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Mongolia: A toxic warning to the world–BBC

March 24, 2019
tags: ,

By Paul Homewood

 

 

h/t Robin Guenier

 

Another preposterous “blame it on global warming”  video from the BBC:

 

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Mongolia: A toxic warning to the world

All over the world cities are grappling with apocalyptic air pollution but the small capital of Mongolia is suffering from some of the worst in the world.

And the problem is intrinsically linked to climate change.

The country has already warmed by 2.2 degrees, forcing thousands of people to abandon the countryside and the traditional herding lifestyle every year for the smog-choked city where 90% of children are breathing toxic air every day.

Population Reporter Stephanie Hegarty finds out why.

https://www.bbc.co.uk/news/av/science-environment-47673327/mongolia-a-toxic-warning-to-the-world

 

Air pollution is terrible in the capital because of the burning of raw coal, used for heating during the bitterly cold winters.

The video claims that this is made worse by migration from the countryside, forced by global warming.

In reality, the population of the capital, Ulaanbaatar has been growing rapidly since the 1920s, and now numbers 1.3m.

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http://worldpopulationreview.com/world-cities/ulaanbaatar-population/

As with societies around the world, this has in part been due to migration from the countryside.

Mongolia’s population has also been growing rapidly due to increasing lifespans:

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http://worldpopulationreview.com/countries/mongolia-population/

None of these have anything to do with climate change.

Hegarty interviews herders in the countryside, who say that bad winters have impacted their herds in recent years, making life more difficult for them. But bad winters are a fact of life in Mongolia.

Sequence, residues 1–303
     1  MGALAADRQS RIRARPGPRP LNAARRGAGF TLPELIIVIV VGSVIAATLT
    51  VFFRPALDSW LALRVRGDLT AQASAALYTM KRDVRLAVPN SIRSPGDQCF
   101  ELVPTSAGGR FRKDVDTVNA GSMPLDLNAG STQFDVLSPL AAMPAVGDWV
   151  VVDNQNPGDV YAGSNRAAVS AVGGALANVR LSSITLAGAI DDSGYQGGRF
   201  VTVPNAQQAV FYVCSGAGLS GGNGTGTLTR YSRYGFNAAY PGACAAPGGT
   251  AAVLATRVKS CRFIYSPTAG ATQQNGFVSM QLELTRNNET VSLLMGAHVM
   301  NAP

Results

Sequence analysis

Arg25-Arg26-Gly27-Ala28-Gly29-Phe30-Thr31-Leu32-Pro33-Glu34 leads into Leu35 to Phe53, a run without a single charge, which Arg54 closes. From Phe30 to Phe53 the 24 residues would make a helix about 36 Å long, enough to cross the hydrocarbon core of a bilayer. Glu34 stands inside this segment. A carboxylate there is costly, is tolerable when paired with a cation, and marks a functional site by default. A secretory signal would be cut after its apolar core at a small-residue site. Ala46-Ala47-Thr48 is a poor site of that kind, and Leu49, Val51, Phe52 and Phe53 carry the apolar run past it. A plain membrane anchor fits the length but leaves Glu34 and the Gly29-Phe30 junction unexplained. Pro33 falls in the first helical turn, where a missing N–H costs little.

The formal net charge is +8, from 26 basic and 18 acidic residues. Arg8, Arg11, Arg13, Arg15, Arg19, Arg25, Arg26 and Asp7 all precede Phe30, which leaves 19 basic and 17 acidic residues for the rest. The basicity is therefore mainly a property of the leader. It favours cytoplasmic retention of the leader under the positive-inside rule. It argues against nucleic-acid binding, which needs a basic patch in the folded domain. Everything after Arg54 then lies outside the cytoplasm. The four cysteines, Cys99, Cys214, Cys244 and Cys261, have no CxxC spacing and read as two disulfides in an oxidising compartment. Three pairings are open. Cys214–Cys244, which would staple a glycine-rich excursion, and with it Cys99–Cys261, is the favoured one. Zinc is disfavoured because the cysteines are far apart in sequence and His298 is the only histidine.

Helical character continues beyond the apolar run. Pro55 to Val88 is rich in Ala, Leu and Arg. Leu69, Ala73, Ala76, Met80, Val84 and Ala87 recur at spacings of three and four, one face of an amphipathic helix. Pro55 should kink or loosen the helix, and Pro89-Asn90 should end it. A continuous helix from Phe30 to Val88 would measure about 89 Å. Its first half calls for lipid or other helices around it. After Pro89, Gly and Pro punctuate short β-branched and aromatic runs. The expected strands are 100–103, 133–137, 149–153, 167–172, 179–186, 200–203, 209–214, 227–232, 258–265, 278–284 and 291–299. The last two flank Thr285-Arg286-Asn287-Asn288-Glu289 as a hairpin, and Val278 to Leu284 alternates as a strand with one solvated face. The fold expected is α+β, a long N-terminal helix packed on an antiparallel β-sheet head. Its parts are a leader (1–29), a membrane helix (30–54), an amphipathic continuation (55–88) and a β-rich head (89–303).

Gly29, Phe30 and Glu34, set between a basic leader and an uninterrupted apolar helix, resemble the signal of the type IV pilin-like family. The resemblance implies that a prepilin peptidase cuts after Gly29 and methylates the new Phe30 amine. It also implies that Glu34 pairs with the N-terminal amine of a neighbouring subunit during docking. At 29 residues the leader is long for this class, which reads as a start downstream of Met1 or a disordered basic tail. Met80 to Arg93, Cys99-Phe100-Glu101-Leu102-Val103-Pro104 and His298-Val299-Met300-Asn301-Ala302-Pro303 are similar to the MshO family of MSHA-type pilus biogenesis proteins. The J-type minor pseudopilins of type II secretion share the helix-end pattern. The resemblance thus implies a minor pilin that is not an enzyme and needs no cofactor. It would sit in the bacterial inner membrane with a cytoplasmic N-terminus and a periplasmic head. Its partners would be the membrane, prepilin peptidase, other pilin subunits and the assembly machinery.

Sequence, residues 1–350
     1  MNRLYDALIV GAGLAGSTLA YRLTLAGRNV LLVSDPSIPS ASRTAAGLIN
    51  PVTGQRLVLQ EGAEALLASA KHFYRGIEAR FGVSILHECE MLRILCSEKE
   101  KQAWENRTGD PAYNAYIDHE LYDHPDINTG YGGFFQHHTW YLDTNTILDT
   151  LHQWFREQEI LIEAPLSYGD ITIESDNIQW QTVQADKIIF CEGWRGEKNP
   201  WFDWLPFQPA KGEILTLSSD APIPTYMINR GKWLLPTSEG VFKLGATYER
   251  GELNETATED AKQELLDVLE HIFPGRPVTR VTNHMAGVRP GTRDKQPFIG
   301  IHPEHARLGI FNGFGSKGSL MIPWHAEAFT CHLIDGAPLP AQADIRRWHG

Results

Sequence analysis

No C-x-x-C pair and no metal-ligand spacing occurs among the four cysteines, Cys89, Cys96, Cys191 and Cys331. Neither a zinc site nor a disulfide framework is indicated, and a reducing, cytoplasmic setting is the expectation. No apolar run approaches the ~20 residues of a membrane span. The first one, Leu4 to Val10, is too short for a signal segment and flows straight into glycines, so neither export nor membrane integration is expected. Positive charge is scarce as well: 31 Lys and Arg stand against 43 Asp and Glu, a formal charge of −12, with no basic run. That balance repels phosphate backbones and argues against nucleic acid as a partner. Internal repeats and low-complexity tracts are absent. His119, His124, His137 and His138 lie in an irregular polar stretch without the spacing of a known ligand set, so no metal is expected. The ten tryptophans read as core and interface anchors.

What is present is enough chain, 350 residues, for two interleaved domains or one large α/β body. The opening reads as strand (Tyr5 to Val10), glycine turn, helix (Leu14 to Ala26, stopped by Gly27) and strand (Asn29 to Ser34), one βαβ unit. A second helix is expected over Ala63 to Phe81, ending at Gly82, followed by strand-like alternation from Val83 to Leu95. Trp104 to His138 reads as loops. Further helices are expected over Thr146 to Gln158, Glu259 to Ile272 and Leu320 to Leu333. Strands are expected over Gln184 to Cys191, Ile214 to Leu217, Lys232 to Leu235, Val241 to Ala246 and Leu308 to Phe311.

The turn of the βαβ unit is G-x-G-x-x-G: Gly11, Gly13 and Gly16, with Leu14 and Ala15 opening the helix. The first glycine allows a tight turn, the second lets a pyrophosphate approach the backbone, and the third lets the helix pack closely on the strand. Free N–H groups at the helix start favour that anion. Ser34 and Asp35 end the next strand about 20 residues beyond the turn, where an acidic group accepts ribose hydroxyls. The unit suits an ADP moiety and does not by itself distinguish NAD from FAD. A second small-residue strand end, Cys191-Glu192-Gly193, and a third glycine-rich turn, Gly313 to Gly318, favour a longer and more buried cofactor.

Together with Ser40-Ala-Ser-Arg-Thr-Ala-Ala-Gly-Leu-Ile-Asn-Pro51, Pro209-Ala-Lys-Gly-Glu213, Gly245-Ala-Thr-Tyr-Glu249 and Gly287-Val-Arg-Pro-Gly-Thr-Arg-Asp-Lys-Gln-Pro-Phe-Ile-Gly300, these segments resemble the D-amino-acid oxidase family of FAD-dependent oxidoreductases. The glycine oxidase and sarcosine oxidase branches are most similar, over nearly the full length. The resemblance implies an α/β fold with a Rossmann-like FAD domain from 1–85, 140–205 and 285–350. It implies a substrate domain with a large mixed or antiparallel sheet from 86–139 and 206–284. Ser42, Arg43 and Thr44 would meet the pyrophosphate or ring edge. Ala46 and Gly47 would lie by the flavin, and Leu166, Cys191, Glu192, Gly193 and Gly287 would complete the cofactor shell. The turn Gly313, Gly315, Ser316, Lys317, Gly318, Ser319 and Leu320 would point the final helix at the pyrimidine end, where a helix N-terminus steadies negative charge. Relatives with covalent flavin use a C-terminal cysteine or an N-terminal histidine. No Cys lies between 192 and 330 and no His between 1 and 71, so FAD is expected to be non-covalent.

They even have a name for them – “zud”. According to Wiki:

 

A zud or dzud (Mongolian: зуд) is a Mongolian term for a severe winter in which large number of livestock die, primarily due to starvation due to being unable to graze, in other cases directly from the cold. There are various kinds of zud, including white zud, which is an extremely snowy winter in which livestock are unable to find nourishing foodstuff through the snow cover and starve.

There are different types of zud:

  • Tsagaan (white) zud results from high snowfall that prevents livestock from reaching the grass.[4] It is a frequent and serious disaster that has caused a great number of deaths.[5]
  • Khar (black) zud results from a lack of snow in grazing areas, leading to both animals and humans to suffer a lack of water. This type of zud does not occur every year nor does it affect large areas. It mostly happens in the Gobi Desert region.[4]
  • Tumer (iron) zud results from a short wintertime warming, followed by a return to sub-freezing temperatures. The snow melts and then freezes again, creating an impenetrable ice-cover that prevents livestock from grazing.[4]